Between insights and advice

In this month’s guest editorial, Rob Deutsch discusses the difference between actuaries providing insight and offering advice. 

As an actuary, it is important to find the right balance between providing insight and providing advice. Getting the mix right leads to the best decisions being made and the wrong mix can lead to misaligned priorities, frustration, and even legal issues. This is increasingly important in a rapidly changing world where the definition and role of an actuary is evolving and expanding, and new challenges are allowing actuaries to apply their skill set and knowledge in new ways.

The distinction between insight and advice, in this context, is essentially the difference between providing information which can be used to inform decisions, and recommending what actions should be taken as a consequence of the information. In other words, some stakeholders require actuaries to provide information that they can factor into their decision-making process whereas others require a recommended course of action. Identifying where a stakeholder sits on this spectrum is an integral, albeit not necessarily explicit, part of utilizing actuaries’ skills and expertise to provide the most value.

“we cannot overlook the fact that, actuaries can find themselves in a unique position to provide advice”

car rear windowThere’s an old joke, which likens an insurance firm to a car, that highlights this distinction. The joke goes that the board of the insurance firm has their hands on the steering wheel, the salesperson has their foot on the accelerator, the underwriter has their foot on the break, and the actuary is looking out the back window yelling directions.

While it’s intended to be a bit of lighthearted fun, it highlights that advice is a critical part of traditional actuarial roles. An actuary is highly skilled in using current information to predict the future and give advice on, for example, pricing and capital requirements.

However, the value of actuarial insight should not be understated. As David Bell, the Institute’s CEO, has said: “business leaders are inundated by information and they need skilled people who can transform data beyond the numbers into actionable business knowledge.” In some circumstances, an actuary’s value may be in providing this valuable knowledge, and it will be left to the recipient to make a decision. An example would be due diligence, where the aim is to deliver a holistic appraisal of a business that can be used as an input to a business decision.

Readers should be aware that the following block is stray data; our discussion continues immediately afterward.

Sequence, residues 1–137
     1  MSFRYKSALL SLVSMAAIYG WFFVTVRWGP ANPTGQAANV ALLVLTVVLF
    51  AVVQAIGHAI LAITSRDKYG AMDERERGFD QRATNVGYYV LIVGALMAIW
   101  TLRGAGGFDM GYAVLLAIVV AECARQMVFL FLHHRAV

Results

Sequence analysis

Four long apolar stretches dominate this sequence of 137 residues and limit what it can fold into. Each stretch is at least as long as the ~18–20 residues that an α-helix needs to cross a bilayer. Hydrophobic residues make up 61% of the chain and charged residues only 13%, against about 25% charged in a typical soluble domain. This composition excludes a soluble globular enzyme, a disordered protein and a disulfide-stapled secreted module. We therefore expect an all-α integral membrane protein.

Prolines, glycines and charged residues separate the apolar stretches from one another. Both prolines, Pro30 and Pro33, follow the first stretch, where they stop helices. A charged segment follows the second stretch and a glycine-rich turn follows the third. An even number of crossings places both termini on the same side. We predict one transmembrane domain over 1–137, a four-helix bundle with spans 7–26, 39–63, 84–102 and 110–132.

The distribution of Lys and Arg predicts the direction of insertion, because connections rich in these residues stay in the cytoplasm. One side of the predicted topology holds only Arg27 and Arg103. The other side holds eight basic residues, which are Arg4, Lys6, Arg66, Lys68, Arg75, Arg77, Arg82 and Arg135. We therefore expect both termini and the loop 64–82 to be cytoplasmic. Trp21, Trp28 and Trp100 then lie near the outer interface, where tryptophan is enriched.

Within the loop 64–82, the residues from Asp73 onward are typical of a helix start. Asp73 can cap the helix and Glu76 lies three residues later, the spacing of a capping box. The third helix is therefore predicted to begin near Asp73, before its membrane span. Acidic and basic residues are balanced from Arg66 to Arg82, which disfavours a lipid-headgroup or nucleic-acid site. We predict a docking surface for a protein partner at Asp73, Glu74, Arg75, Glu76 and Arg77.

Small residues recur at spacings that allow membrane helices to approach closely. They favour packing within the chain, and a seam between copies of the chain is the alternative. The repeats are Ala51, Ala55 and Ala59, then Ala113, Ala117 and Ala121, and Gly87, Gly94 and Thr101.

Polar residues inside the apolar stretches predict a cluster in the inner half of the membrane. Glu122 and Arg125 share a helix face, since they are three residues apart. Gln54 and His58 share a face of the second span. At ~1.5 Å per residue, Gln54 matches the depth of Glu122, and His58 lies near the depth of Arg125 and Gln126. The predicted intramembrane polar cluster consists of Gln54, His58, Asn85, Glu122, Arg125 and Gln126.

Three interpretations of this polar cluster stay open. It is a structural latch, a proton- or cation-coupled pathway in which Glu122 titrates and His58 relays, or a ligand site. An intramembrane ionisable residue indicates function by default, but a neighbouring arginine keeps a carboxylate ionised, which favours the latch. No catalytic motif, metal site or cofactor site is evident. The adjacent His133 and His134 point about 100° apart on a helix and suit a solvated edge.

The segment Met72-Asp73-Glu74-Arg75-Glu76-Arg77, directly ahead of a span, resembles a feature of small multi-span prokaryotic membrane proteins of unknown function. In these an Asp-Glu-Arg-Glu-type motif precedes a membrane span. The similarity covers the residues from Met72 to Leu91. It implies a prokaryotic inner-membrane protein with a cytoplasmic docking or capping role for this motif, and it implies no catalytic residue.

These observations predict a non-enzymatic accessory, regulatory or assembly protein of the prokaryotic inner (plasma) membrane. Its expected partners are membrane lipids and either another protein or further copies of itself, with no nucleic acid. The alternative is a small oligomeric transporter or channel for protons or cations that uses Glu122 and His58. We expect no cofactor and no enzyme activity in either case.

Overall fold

But we cannot overlook the fact that, actuaries can find themselves in a unique position to provide advice, as David Bell went on to say: “actuaries more than any other profession have the training and skills to find solutions to some of Australia’s largest business challenges.”

As actuaries’ roles broaden and branch into data analytics, public policy, individual finance wellness, and enterprise risk management (to name a few) there will be a continual need to revisit the question of insight versus advice. The Institute’s annual review shows that the number of member’s working in data analytics increased from 1% in 2013 to 2.5% in 2014. These might seem like small numbers, but they are indicative of a continual broadening of the role that actuaries are playing in the professional landscape.

Keeping the distinction of insight and advice in mind when approaching new situations will allow us to deliver the most valuable work to stakeholders, and allow us to enter new fields with confidence.

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